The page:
Indian jewelry is composed of an enormous and intricate range of marvels. One distinctive aspect of Indian civilization is its traditional jewelry, which has a distinct cultural character. In this blog, we'll take a look at some of the most prominent Indian necklace designs in the west.

Indian Necklace Designs from the West

The western part of the country has given us a vast variety of Indian necklace designs to choose from. From a modest Hasli to an extravagant Thussi, the selection is huge in every regard. Let's take a look at some of the most popular ones.

Aadh Necklace

Rani Shri Usha Deviji Sahiba of Jodhpur. Image courtesy: Royal Archives via Twitter 

The choker-like main feature and a net that resembles a curtain make up the two main parts of the Aadh, a traditional Rajasthani necklace. The oppulent preferences of Rajasthani queens inspired its creation, but it later turned into a classic piece of Rajasthani bridal neck jewelry.

Hasli Necklace

Image courtesy: The Met Museum 

The name Hasli is derived from the Hindi word "hansuli", which means "collar bone," because it perches on the wearer's collarbone. The conventional Hasli is stiff and narrows towards the end in the form of a collar necklace. Others could feature a pendant while some are symmetrical. Some have enamelling on the back as well.

Javali Haar

Image courtesy: The Met Museum 

A magnificent gold necklace for women that finds its roots in Gujarat, the Javali Haar is typically given to a new mother. Shapes occurring in nature and grains (javali) have an influence on this traditional Indian necklace as they stand for luck, joy, fertility, and prosperity.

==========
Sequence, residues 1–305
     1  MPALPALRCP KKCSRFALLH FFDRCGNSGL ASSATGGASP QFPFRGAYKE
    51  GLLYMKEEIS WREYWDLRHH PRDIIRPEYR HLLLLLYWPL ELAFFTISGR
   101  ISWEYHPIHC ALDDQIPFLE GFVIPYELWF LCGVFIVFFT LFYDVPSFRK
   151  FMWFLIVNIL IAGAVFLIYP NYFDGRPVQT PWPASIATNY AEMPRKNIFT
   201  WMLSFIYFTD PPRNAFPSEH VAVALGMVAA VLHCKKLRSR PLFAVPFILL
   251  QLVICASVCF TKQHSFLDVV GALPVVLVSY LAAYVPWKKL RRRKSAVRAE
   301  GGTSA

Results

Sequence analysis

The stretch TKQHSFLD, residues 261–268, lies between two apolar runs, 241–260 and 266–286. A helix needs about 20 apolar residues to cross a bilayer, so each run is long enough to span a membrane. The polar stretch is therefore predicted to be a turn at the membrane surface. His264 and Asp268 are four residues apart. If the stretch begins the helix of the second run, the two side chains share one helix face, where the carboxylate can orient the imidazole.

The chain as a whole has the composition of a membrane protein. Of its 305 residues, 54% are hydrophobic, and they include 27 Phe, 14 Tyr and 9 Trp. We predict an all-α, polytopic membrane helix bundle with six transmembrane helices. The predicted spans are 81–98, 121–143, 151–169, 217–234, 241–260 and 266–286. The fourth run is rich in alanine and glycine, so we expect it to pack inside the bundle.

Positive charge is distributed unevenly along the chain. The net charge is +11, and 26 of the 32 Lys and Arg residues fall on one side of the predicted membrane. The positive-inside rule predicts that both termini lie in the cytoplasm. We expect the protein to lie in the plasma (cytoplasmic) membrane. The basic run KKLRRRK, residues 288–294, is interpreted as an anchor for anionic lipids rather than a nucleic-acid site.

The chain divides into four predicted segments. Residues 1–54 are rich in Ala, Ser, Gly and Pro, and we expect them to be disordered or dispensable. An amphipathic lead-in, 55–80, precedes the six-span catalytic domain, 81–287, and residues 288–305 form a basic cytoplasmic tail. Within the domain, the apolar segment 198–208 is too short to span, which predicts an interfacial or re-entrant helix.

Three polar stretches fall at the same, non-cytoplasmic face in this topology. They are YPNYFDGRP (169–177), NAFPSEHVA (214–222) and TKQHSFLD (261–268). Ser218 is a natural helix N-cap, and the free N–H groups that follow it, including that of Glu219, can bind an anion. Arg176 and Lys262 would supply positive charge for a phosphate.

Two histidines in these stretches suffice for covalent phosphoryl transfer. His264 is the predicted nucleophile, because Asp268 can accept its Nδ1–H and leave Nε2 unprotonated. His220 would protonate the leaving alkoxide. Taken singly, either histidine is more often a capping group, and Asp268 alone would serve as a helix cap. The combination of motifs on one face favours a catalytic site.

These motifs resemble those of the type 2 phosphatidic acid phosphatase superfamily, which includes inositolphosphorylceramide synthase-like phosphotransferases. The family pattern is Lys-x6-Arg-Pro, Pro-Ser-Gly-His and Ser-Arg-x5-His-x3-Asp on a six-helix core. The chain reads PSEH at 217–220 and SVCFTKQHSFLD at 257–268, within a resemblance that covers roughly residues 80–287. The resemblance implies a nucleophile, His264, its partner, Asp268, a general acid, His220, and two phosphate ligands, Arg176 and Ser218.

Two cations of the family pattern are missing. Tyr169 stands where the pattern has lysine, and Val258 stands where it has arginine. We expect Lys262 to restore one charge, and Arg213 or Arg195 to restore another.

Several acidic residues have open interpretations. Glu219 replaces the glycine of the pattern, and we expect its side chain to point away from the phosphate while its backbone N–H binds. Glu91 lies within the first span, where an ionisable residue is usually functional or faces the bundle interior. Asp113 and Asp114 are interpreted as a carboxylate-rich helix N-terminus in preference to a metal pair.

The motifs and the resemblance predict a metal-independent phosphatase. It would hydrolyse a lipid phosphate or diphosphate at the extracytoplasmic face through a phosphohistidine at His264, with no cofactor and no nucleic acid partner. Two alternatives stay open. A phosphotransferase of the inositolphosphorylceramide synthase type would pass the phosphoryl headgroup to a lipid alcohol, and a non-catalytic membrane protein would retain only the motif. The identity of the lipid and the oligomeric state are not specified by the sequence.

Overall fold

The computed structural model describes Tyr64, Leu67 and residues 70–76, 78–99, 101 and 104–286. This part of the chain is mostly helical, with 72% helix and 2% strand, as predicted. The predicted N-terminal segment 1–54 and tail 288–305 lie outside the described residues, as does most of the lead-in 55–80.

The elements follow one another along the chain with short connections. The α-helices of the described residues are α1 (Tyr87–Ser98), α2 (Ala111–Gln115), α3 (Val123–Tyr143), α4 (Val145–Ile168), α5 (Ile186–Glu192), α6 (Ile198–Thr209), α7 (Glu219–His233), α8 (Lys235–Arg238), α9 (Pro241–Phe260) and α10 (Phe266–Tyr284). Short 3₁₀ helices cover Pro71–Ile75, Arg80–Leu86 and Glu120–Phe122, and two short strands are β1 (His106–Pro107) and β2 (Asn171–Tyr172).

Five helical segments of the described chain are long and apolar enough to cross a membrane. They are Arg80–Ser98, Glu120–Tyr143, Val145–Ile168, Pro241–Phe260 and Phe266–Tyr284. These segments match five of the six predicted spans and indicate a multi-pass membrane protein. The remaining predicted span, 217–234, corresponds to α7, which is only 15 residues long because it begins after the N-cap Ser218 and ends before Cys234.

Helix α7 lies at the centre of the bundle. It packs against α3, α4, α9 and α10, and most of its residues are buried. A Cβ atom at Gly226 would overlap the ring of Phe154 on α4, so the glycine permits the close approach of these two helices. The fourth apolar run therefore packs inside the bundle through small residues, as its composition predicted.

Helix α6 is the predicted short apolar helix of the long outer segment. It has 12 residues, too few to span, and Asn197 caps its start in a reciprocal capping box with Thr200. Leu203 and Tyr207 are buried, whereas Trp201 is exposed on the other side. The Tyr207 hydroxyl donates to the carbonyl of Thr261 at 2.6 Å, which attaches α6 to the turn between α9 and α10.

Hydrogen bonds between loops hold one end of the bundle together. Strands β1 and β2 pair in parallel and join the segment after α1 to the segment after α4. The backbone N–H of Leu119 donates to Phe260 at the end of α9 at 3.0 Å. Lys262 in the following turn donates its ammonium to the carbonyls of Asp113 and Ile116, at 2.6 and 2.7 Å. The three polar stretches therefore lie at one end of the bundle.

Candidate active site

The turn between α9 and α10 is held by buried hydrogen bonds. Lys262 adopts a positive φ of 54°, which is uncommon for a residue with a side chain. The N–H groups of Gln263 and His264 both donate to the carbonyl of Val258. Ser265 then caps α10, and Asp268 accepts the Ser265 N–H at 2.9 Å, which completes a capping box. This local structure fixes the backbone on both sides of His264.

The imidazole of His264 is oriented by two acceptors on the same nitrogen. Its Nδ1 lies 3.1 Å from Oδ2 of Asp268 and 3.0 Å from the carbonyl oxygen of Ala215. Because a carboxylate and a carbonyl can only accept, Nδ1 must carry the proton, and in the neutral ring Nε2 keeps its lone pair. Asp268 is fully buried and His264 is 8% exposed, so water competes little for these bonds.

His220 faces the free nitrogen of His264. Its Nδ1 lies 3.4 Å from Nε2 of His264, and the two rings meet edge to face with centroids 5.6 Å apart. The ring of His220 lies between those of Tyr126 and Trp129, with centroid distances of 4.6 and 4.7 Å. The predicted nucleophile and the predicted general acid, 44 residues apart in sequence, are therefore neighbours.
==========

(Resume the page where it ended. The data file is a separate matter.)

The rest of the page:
Kaliganthi Necklace

Image courtesy: The Met Museum 

The name "Kaliganthi" refers to the shape and meaning of this bridal necklace which is that of an amulet, where the amulet or “dodi'' refers to the individual units made of gold filigree and embellished with pearls and precious stones.

Kolhapuri Saaj

Image courtesy: Wikipedia 

The Kolhapuri Saaj is a traditional gold necklace for Maharashtrian women, its name derived from the illustrious city of Kolhapur. With the "saajh ghat" serving as its main pendant, it is encircled by a number of religious images, including the 10 incarnations of Lord Vishnu. Modern designs use 10 to 12 pendants instead of the 21 leaves or pendants that traditionally adorn necklaces.

Pankhi Haar

Image courtesy: The Met Museum  

An exquisite necklace in its right, the Pankhi Haar evolved during the Mughal era. The pattern incorporates natural elements or Sri Nath Krishna motifs. A single chain is used as the hook for a variety of pankhis (fan) pendants. In order for a central, larger pankhi to hang in the middle, there are typically an odd number of pankhis.

Thussi Necklace

Image courtesy: The Met Museum 

Marathi women customarily wear a variety of Indian jewellery, one of which is the Thussi necklace. This gold necklace for women is worn by newlyweds and married women during weddings, festivals, and other occasions. This choker-style Indian bridal necklace has a really distinctive pattern that goes well with their traditional outfit.

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